Review: Spider-Man 3 (2007)

29

Spider Man 3 Poster

“Never wound what you can’t kill.”
– Venom

Peter Parker (Tobey Maguire) is starting to relax a little bit. His life is going well, and he finally has the love of his life, Mary Jane Watson (Kirsten Dunst). However, his friendship with Harry Orborn (James Franco) is completely splintered, and there seems to be no end in sight. Harry has taken up the mantle of the new Green Goblin, still swearing to exact vengeance on Spider-Man for his father’s death, as well as knowing that Peter Parker is Spider-Man.

Things start to turn soon, though. Harry hunts Peter down and attacks him as the New Goblin, but ultimately comes off second best in the fight, and is grievously injured. When he regains consciousness in the hospital, he has no recollection of the events that brought him there, and his short term memory has been wiped clean. Peter does not feel the need to enlighten him, either. Soon Mary Jane is fired from her theatre production, and Spider-Man saves Gwen Stacy (Bryce Dallas Howard) from a careening crane, and is awarded the Key to the City. As though things were not growing distant and difficult with Peter and Mary Jane, he kisses Gwen in the ultra-famous Spider-Man kiss. Mary Jane turns to Harry, who is starting to remember.

Spider-Man 3

The overly-friendly neighbourhood Spider-Man

Peter battles with a new photographer at the Daily Bugle, Eddie Brock (Topher Grace), who is intent on getting permanent office space from J Jonah Jameson (J.K. Simmons). To bear this prestige, one of them has to produce a photo of Spider-Man committing a crime. A meteoric black substance has made it to Earth and has its sights set on Peter. Mary Jane has had it with Peter, but is forced to make that call final when the New Goblin makes her a pawn in his war. Peter is crushed, and does not know what to do. When the black substance eventually attaches itself to Peter, he feels much better, and his conscious is clear, though he becomes a world class douche-bag. Dr Conners (Dylan Baker) warns Peter that the substance is a symbiote, and that it will need a host to bind to, and if it gets on to Peter, it will have its wish. This helps nothing, as it is already changing Peter, and he is pushing the people around him away. He is losing touch with is humanity and making a hell of a lot of enemies.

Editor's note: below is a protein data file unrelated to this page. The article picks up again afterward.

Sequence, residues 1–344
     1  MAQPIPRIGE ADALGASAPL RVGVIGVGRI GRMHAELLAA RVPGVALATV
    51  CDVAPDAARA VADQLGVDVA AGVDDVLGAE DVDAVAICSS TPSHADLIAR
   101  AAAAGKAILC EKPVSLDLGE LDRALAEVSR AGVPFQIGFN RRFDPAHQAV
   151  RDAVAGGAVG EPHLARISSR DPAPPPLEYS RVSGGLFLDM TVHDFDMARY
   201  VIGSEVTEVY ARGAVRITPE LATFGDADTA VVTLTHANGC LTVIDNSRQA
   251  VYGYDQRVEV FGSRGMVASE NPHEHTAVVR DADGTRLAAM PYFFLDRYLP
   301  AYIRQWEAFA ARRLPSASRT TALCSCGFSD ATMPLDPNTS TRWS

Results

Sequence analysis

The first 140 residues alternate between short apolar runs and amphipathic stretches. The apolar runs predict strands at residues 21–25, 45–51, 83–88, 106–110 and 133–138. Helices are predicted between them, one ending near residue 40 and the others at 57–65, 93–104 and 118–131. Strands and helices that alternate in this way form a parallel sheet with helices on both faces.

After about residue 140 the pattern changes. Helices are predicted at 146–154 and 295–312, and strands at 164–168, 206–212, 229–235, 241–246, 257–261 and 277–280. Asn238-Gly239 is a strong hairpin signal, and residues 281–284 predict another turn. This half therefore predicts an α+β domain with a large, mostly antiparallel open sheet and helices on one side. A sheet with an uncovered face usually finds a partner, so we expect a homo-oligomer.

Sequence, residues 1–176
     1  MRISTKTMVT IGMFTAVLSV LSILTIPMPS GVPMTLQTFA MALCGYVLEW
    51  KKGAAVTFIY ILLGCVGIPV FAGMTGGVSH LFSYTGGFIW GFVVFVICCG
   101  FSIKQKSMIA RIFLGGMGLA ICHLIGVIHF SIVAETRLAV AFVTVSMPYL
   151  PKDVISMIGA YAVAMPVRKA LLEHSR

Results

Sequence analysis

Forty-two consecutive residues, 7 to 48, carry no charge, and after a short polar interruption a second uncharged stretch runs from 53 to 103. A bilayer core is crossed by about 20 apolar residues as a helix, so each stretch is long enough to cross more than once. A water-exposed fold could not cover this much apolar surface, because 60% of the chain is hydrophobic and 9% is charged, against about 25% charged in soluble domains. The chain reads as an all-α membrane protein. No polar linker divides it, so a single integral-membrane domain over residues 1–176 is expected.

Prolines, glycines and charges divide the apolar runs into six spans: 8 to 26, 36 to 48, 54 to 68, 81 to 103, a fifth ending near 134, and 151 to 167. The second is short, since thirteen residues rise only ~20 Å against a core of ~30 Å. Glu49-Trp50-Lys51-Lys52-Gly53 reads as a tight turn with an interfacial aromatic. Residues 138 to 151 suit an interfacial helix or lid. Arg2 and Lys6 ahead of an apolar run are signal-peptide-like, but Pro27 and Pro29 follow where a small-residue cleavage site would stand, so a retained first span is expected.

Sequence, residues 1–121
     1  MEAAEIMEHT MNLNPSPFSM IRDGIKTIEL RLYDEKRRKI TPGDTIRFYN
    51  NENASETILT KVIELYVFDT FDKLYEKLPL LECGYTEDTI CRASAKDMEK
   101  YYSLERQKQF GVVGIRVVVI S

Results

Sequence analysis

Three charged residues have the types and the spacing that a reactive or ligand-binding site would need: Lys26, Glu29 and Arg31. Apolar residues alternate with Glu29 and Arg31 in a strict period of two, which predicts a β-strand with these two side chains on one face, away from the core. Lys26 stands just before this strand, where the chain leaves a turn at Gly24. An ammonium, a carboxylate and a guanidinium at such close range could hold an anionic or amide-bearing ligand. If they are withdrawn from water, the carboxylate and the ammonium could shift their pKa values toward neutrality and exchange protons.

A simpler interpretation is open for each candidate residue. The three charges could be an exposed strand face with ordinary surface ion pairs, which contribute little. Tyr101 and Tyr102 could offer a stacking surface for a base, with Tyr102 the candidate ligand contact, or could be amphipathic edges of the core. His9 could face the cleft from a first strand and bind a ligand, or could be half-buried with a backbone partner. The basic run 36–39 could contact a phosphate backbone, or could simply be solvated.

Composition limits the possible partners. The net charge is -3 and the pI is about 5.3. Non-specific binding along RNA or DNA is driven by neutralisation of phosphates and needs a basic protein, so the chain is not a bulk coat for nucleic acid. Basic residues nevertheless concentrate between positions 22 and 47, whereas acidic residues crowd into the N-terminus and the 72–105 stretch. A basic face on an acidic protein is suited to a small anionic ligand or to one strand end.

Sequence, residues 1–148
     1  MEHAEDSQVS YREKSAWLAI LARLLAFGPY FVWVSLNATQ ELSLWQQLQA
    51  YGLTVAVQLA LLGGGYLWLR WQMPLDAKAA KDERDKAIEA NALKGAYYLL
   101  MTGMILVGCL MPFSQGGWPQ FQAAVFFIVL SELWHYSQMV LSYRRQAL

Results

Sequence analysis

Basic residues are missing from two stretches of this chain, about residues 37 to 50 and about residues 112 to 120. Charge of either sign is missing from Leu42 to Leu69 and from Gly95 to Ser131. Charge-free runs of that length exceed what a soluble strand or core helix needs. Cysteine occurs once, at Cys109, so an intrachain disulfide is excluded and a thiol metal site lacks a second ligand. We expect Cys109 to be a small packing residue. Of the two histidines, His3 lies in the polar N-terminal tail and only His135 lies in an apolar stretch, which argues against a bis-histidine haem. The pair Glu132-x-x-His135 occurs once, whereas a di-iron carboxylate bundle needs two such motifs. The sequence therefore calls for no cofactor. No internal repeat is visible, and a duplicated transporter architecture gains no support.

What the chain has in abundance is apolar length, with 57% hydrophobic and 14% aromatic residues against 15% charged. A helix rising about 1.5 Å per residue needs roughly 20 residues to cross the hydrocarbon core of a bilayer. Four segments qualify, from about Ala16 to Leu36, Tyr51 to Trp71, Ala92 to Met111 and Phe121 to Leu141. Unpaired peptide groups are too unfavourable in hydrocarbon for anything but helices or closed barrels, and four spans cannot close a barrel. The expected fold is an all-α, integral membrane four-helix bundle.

Emo Peter Spider Man 3

An Emo kid? Some hardcore symbiote that is…

All the while there is a new threat in town, Flint Marko (Thomas Haden Church), a.k.a. the Sandman. On the run from the police, he gets caught in a science project, in a particle accelerator. It changes his make-up, and he can become sand, weaving it and collapsing it. He uses this gift/curse for the negative, to rob and steal – but his intentions were initially pure. Captain Stacy (James Cromwell) drops a massive bomb in Peter’s and Aunt May’s (Rosemary Harris) laps about the night that Uncle Ben (Cliff Robertson) died.

Spider-Man 3 Venom

“I want him dead too, Flint.” – Venom

Peter is sought out by more than one villain, and Mary Jane is again a piece that they will use to bring him to his knees. Venom rises from the symbiote’s ashes the moment it finds the relevant host, and between the Sandman and Venom, Spider-Man has his hands full trying to protect the city, find himself and make amends. Will he be able to find himself, be free of the draw that the symbiote brings with its darkness and power, and will he ever be able to fix things between himself, Mary Jane and himself and Harry?

Well, a 4/10 for Spider-Man 3. This was really one terrible flick. I was extremely unimpressed, I will say that now. An emo Peter Parker? Puh-lease, not what we need. And his hair shifting like that and some dark eyeliner did not make him any more sexy or attractive, whatever he thought would come first. The effects also left a lot to be desired, and this has nothing to do with the film’s time. The two before it looked far better. Venom was also just lacking a lot, so that was that I suppose. Mary Jane just got on my nerves again (surprise surprise), and Topher Grace was just not working for this one. The French Maître d’ (Bruce Campbell) made me laugh a lot though, that was highly entertaining. This film had the distinct feeling that too much was trying to be squeezed into a single film, and I feel that there was not enough explanation and build up given for the majority of the events and how things happened. Definitely the worst Spider-Man of the trio by far.